starring Mark Wahlberg, Zooey Deschanel, John Leguizamo, Betty Buckley
written and directed by M. Night Shyamalan
by Walter Chaw The number one, indisputable, biggest surprise of M. Night Shyamalan's The Happening is that it doesn't entirely suck--followed fast by the stunner that the director-writer-producer-demiurge doesn't appear anywhere in the film as Christ on a chariot. After his self-aggrandizing cameos in Signs (as catalyst to the story's existence and outcome), The Village (as star of the "twist" in the film's most complicated lighting/camera set-up), and Lady in the Water (as author of the Bible), it seemed that was the next logical step. Instead, The Happening is a Larry Cohen-esque thriller along the lines of God Told Me To, delivered with a heavy hand, to be sure, but full of some of the most delicious misanthropy to hit screens since Julia Roberts was making romantic comedies. Shyamalan, if we follow the auteur theory as closely as he claims to, hates his fellow man enough so that a coda revealing a blessed pregnancy is framed in such a way as to suggest that mankind is spelling its own doom with this urge to procreate. By extension, it's tempting to see it as a criticism of pictures that end in Spielberg town, with marriages and babies and a cabin in the woods for the precogs. If Shyamalan is to the point where he's actively flipping the bird to audiences and expectations, eschewing his life-support systems for twists and protracted takes in favour of ugly, flat, uninspired action sequences and blighted implications, then I might actually at this point be looking forward to his next one. Meaning, at the end of the day, that's the biggest surprise of The Happening.
Its dreadful title sounding like an advertisement for a sale at TJ Maxx, The Happening refers to one bucolic day in late spring when people start babbling idiotically and offing themselves en masse like lemmings. Affecting only the eastern seaboard--the source, we imagine, for Philadelphian Shyamalan's greatest childhood torments (next stop, Disneyland?)--the phenomenon impels a panicked migration westward, the film's heroic trio consisting of dorky science teacher Elliot (Mark Wahlberg), his flighty wife Alma (Zooey Deschanel), and their best friend's daughter Reaction Shot (Ashlyn Sanchez). John Leguizamo has a brief, irritating, disturbingly-terminated cameo--the first hint that Shyamalan means business after having most of Central Park commit suicide along with a construction crew in another disquieting reference to the parts of 9/11 that have been edited from the visual record. It's more than a vision of the apocalypse, though--it's a vision of self-abnegation based on an essential dislike of the human race. Giving too much away to make the connection its trailer makes between this genocide and the inexplicable disappearance of millions of honeybees, sufficed to say that The Happening is an eco-terror horror film (more Prophecy John Frankenheimer than John Wyndham) long on the ridiculous and short on the sense. If it sounds like his last handful of disasters (ultimately, the only Shyamalan that still plays is Unbreakable), the key difference is that this time around, it's all delivered with a fascinating frustration and rancour. The Happening, see, really hates your guts.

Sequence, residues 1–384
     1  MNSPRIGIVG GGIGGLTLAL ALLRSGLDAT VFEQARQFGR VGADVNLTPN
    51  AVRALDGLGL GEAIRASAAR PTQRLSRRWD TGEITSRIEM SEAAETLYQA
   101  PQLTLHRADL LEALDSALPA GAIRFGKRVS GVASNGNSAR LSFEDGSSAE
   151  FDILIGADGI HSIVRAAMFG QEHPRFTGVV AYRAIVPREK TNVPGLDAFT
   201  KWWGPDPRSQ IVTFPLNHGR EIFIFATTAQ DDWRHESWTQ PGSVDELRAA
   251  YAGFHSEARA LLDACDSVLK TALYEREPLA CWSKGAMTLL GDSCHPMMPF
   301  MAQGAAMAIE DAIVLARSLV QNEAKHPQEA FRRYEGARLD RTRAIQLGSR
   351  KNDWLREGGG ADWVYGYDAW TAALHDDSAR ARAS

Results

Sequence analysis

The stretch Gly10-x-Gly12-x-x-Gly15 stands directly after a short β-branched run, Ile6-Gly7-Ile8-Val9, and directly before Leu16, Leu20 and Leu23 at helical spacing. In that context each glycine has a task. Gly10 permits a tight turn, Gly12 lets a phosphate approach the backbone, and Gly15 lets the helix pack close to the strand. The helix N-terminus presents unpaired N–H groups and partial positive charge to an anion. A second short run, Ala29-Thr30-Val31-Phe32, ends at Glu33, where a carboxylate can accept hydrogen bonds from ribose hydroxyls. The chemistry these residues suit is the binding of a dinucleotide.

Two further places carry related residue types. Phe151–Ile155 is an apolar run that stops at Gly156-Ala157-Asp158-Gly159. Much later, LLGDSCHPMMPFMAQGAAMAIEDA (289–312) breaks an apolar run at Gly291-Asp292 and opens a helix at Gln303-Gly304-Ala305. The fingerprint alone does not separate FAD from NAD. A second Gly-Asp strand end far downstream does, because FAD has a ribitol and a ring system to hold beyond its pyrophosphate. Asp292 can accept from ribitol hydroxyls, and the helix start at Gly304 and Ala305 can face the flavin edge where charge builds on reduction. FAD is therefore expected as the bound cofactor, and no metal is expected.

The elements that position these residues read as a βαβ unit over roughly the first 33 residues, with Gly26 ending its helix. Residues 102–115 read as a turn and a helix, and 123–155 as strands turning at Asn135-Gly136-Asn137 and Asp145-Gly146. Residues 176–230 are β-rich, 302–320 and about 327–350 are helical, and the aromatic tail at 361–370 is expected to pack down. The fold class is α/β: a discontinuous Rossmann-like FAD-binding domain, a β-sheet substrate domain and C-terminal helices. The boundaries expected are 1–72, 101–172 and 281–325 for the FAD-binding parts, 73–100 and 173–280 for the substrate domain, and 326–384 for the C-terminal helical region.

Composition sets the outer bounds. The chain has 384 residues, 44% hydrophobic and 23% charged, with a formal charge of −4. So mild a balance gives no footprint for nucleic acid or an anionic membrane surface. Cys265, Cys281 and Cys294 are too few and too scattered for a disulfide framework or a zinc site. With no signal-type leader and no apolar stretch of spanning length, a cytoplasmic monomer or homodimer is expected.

Consider the message, muttered at one point, that people are horrible shits and for the most part not worth saving. The "good ones" in the film (other than our nuclear centre) are mad Gomers while the rest are just various shades of begging to be killed. Two kids (one of them a nigh-unrecognizable Spencer Breslin--I thought Meat Loaf was in the picture for more than half of it) seem all right until they start trying to break into a survivalist enclave; and an eccentric old bird (Betty Buckley) marooned in her backwoods booby hatch is the sort of character Bette Davis would have played for a paycheck once upon a time. The Happening advocates for a thinning of the herd. It's scabrous, hateful--a deeply stupid scene involving a lion tamer and his charges would be laughable (well, it is laughable in any case) if it weren't evidence of a deep-seated misunderstanding of what's scary and what's merely revealing of a general lack of respect for your fellow man. Without any redeeming characters, without any Inconvenient Truth message beyond the obvious, The Happening is another step in the complete irrelevance of a filmmaker a lot of people, himself included, were calling the new Hitchcock. It's pathetic (never scary, never particularly tense, never poignant), but it's interesting as hell if, for no other reason, than that it's unusual to see a picture that's this much of an asshole, making no attempt whatsoever to simulate a single human emotion. Shyamalan's essentially made a sociopathic movie. Originally published: June 13, 2008.
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